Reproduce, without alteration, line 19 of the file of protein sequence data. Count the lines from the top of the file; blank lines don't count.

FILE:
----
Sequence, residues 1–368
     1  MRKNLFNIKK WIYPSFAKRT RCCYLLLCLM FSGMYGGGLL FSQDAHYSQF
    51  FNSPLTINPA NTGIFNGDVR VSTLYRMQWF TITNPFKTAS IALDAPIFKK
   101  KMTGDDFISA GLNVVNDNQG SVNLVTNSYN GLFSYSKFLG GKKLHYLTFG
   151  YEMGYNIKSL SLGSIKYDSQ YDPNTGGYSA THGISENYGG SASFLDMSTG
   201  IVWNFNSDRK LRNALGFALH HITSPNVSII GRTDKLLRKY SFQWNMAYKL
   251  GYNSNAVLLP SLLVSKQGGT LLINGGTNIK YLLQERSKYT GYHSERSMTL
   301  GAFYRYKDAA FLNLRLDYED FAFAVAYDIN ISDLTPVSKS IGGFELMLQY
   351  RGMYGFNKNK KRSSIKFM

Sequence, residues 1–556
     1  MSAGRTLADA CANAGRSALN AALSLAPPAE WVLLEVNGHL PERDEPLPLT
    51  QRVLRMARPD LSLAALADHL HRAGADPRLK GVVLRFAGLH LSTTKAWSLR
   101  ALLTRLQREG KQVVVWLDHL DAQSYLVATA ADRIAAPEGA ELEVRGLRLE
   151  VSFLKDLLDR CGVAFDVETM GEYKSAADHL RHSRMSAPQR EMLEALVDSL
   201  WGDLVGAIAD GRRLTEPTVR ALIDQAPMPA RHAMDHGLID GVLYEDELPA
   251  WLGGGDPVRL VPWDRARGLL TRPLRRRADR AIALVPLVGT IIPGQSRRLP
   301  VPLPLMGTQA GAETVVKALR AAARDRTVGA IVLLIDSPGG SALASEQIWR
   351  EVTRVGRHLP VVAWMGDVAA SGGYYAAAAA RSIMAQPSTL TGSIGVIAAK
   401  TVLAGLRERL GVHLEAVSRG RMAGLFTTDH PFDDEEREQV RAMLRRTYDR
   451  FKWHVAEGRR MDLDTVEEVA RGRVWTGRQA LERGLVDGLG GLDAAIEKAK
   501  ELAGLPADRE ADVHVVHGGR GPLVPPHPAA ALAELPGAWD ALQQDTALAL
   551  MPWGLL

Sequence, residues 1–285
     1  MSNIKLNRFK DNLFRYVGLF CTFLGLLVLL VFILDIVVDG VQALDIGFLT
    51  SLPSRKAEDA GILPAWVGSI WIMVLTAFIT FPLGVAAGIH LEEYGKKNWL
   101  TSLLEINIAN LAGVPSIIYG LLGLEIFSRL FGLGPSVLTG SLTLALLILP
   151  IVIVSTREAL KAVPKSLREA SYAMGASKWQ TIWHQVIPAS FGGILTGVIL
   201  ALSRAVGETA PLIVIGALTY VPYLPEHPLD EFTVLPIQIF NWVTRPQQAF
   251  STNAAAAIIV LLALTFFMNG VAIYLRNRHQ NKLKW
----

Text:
   401  TVLAGLRERL GVHLEAVSRG RMAGLFTTDH PFDDEEREQV RAMLRRTYDR